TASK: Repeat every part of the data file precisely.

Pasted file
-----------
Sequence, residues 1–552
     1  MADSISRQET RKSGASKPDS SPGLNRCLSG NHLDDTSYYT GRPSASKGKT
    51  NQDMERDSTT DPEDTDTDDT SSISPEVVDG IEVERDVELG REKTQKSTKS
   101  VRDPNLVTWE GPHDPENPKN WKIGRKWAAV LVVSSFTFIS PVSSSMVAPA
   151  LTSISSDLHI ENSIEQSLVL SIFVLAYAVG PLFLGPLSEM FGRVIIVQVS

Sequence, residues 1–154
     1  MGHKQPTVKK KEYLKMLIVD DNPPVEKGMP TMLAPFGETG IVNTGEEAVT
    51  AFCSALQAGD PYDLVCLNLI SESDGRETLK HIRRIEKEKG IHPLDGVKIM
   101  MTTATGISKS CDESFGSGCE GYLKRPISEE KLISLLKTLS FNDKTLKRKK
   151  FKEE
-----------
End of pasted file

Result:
Sequence, residues 1–552
     1  MADSISRQET RKSGASKPDS SPGLNRCLSG NHLDDTSYYT GRPSASKGKT
    51  NQDMERDSTT DPEDTDTDDT SSISPEVVDG IEVERDVELG REKTQKSTKS
   101  VRDPNLVTWE GPHDPENPKN WKIGRKWAAV LVVSSFTFIS PVSSSMVAPA
   151  LTSISSDLHI ENSIEQSLVL SIFVLAYAVG PLFLGPLSEM FGRVIIVQVS

Sequence, residues 1–154
     1  MGHKQPTVKK KEYLKMLIVD DNPPVEKGMP TMLAPFGETG IVNTGEEAVT
    51  AFCSALQAGD PYDLVCLNLI SESDGRETLK HIRRIEKEKG IHPLDGVKIM
   101  MTTATGISKS CDESFGSGCE GYLKRPISEE KLISLLKTLS FNDKTLKRKK
   151  FKEE